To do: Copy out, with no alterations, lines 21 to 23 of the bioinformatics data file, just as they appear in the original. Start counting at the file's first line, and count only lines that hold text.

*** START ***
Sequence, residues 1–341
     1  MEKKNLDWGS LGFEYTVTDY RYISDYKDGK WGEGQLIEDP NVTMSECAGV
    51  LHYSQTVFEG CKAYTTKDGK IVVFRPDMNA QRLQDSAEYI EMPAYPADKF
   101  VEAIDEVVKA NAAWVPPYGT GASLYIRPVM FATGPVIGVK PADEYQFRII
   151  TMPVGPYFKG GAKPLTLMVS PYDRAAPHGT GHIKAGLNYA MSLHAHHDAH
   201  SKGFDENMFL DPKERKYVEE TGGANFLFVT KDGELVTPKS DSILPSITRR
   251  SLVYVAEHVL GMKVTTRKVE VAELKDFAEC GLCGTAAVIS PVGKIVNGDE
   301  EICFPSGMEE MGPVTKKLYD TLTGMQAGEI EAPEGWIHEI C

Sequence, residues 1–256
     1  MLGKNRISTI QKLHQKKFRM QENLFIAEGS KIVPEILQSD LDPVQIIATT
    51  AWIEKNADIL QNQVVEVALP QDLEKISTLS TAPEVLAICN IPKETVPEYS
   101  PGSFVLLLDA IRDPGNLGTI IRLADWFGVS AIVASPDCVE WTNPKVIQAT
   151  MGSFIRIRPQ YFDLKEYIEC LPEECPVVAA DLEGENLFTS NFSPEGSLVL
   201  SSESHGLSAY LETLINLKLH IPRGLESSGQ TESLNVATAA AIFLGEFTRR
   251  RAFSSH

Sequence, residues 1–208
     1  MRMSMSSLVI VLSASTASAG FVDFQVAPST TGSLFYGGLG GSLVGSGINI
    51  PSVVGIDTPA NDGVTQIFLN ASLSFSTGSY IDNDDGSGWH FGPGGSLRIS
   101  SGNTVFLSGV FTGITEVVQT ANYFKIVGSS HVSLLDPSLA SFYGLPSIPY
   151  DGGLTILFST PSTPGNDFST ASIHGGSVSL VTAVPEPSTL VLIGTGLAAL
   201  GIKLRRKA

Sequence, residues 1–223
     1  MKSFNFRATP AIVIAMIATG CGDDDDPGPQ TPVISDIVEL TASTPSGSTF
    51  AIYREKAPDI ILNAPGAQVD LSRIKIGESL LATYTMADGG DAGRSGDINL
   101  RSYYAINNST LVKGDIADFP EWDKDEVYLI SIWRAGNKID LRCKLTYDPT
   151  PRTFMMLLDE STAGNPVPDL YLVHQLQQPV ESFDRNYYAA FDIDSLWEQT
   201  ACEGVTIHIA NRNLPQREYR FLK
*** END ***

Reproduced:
   201  GIKLRRKA

Sequence, residues 1–223
     1  MKSFNFRATP AIVIAMIATG CGDDDDPGPQ TPVISDIVEL TASTPSGSTF